W3C home > Mailing lists > Public > www-ws-arch@w3.org > December 2002

Re: Hypermedia workflow

From: bhaugen <linkage@interaccess.com>
Date: Sun, 22 Dec 2002 07:08:42 -0600
To: www-ws-arch@w3.org
Message-id: <000e01c2a9bb$415a2340$b8eafea9@PC1>

Assaf Arkin wrote:
> > RosettaNet is an interesting case:
> > the configurations are defined by the consortium,
> > but all the interactions and coordination
> > are strictly two-parties-at-a-time.
>
> Actually, all the interactions are a simple as request-response
patterns,
> what ebXML calls business transactions. The patterns are two simple to
> include more than two parties. But if you've seen RosettaNet in action
you
> would realize that partners don't engage in a single PIP. PIP3A4 alone
is
> not sufficient to purchase products, you need notifications, RFQs,
> invoicing. Your real interaction is a set of steps that involves
multiple
> PIPs. Some of these interactions strictly involve two partners, while
some
> of these interactions involve more than two partners.

I agree that real business requires several coordinated PIPs, but:
There are no RosettaNet PIPs that involve more than two partners,
thus there are no multi-party RosettaNet interactions.
All coordination between PIPs must be accomplished internally
by one or more of the trading partners in a virtual multi-party
scenario.  More on this point below.

> The question is, how do you represent that. For most solutions in the
market
> you either use a proprietary language to string these simple
interactions
> together, or you just write a lot of code that delivers the same
result.
> That's proof that you do not need a multi-party choreography language
to
> make it work. I never claimed you do.

UN/CEFACT adopted the RosettaNet business transaction
model and added a Business Collaboration level to coordinate
many 2-party transactions in a standardized way.
ebXML BPSS was derived from this UN/CEFACT work.
Again, more below...

> In fact, my experience, just like yours, proves that any multi-party
> choreography can be broken down into a set of two-party interactions,
and
> any set of two-party interactions that is performed in the proper
order
> would result in a multi-party interaction.

Ok, good.

> But how do you represent that? Let's say you have two products in the
> market, both of which do multi-party interactions. One represents a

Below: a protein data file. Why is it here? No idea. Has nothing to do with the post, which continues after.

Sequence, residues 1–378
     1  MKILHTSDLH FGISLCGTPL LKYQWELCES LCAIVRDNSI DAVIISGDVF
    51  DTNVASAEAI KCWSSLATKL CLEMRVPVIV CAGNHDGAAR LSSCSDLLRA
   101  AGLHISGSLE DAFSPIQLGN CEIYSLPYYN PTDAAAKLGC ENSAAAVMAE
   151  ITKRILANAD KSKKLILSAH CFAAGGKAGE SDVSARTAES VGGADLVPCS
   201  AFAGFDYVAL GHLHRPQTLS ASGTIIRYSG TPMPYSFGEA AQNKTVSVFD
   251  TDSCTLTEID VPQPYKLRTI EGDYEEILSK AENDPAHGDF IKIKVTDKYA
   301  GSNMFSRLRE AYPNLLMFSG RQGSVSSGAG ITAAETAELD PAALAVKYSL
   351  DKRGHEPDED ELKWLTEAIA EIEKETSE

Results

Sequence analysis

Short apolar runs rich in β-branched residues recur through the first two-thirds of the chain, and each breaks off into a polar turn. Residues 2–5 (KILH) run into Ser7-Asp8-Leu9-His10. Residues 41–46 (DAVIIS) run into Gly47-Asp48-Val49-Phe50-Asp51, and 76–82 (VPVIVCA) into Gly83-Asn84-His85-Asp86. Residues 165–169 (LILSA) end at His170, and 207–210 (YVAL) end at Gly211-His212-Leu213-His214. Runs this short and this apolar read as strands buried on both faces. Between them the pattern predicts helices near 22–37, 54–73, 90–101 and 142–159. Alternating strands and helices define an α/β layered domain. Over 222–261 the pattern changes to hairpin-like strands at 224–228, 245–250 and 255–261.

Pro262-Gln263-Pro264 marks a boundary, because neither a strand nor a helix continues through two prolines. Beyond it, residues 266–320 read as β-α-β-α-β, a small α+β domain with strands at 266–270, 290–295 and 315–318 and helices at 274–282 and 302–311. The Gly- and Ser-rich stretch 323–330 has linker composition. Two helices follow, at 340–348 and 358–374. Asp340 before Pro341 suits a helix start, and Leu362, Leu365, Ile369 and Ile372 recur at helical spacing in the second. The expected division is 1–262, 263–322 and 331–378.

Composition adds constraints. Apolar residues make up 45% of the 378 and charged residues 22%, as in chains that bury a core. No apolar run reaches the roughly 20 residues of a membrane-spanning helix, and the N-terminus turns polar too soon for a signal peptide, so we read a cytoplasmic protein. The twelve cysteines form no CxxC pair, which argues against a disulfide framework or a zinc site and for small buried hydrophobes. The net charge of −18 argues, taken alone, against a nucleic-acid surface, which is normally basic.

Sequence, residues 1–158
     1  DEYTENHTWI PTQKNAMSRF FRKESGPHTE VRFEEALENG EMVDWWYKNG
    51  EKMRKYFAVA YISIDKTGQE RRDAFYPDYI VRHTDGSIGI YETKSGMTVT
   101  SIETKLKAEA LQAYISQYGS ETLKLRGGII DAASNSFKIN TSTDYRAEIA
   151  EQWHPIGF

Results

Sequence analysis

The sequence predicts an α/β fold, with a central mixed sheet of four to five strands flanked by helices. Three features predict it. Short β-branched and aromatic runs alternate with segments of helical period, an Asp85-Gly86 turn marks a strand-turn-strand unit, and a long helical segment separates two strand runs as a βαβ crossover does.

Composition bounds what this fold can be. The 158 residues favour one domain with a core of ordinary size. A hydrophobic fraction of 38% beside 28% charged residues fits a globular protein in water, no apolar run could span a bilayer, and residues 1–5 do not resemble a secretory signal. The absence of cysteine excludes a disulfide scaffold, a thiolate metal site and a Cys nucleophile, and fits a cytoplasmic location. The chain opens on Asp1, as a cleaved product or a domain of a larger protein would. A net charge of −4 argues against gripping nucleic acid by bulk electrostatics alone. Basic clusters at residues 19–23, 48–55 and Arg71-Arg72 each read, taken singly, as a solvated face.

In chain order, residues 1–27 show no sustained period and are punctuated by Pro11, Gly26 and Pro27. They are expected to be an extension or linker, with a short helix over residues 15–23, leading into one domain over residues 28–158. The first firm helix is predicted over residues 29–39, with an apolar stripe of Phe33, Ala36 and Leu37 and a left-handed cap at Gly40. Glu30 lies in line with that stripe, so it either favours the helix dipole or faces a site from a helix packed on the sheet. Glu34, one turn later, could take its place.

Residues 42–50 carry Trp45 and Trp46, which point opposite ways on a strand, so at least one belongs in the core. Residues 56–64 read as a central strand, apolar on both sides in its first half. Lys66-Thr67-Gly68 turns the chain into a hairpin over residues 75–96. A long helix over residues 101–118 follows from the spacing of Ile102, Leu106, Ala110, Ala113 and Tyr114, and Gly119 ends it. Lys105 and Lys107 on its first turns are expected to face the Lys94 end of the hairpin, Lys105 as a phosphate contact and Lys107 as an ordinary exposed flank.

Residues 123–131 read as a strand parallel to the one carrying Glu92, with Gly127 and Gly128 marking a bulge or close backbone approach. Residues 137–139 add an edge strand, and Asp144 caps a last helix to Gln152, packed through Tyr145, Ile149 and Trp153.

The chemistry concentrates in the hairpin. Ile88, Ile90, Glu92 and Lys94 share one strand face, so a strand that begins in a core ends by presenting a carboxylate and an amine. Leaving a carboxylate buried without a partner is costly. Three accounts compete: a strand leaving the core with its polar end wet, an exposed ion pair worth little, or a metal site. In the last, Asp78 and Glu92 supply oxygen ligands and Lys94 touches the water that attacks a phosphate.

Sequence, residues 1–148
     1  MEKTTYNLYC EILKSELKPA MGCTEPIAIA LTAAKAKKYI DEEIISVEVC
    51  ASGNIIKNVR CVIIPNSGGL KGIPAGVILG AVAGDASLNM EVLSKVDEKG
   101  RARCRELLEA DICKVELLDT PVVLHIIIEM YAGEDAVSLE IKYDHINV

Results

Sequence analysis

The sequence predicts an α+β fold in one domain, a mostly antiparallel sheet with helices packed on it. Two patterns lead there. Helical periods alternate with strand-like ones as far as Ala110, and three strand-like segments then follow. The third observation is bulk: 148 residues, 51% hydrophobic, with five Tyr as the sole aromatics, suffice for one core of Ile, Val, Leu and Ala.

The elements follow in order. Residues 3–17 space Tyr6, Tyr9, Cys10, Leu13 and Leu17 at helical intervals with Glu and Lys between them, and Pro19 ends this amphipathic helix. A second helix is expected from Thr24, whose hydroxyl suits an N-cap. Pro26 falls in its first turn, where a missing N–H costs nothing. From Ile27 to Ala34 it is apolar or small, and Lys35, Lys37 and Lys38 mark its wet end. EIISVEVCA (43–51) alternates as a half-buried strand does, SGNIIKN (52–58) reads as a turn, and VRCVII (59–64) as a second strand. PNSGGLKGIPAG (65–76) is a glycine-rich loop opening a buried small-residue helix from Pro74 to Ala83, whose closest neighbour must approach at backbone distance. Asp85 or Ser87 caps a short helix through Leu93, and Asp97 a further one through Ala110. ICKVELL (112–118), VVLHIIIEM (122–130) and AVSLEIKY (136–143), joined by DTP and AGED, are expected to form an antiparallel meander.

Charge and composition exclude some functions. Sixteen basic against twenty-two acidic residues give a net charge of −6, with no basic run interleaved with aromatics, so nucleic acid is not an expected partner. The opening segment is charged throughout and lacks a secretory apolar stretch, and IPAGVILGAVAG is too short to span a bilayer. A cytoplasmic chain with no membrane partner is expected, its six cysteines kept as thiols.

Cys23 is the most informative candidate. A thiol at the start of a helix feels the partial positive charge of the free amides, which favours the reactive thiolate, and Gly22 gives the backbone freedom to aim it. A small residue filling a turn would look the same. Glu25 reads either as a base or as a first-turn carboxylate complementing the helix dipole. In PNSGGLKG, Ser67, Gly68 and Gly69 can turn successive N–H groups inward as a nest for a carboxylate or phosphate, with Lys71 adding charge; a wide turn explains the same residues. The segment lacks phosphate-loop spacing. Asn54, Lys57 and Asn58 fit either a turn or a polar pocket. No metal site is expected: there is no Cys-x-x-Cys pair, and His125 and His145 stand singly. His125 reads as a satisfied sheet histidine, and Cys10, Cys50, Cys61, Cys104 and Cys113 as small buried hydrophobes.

> multi-party choreography, while the other represents a set of
two-party
> interactions that happen to result in a multi-party choreography.
Which one
> would you say your customers would prefer to use?

I make a strict separation between internal and external spaces.
When I have external interactions (across administrative or company
boundaries), I like them to be as simple as possible.
Internally, where I have administrative control, I like a richer model
for coordination of external interactions.  But how I do that
is usually none of anybody else's business. Hope that's clear.

ebXML BPSS for example has the ability to represent
multi-party collaborations in one XML document shared
by many parties.  I have raised that as an issue with
the BPSS work group (as yet unresolved), because I
would avoid that like a legal plague.  BPSS documents
will become parts of legal contracts, since they embody
rules for business transactions.  So in many cases,
your question resolves to "how many parties do I want
to negotiate this legal contract with" and then "how many
parties do I want to renegotiate with every time it changes".

These issues have been discussed in UN/CEFACT
with some informal agreement that they are important,
but as far as I know, the only published opinion is in
the paper Tony Fletcher and I wrote which is *not*
accepted by everyone in UN/CEFACT (although
I haven't heard any disagreement on the
assertions about 2-party-interactions).
http://www.supplychainlinks.com/UNCEFACT-papers.htm

The paper also shows some ways to represent
multi-party coordination as an internal responsibility
using UN/CEFACT's methodology.

-Bob Haugen
Received on Sunday, 22 December 2002 08:11:19 GMT

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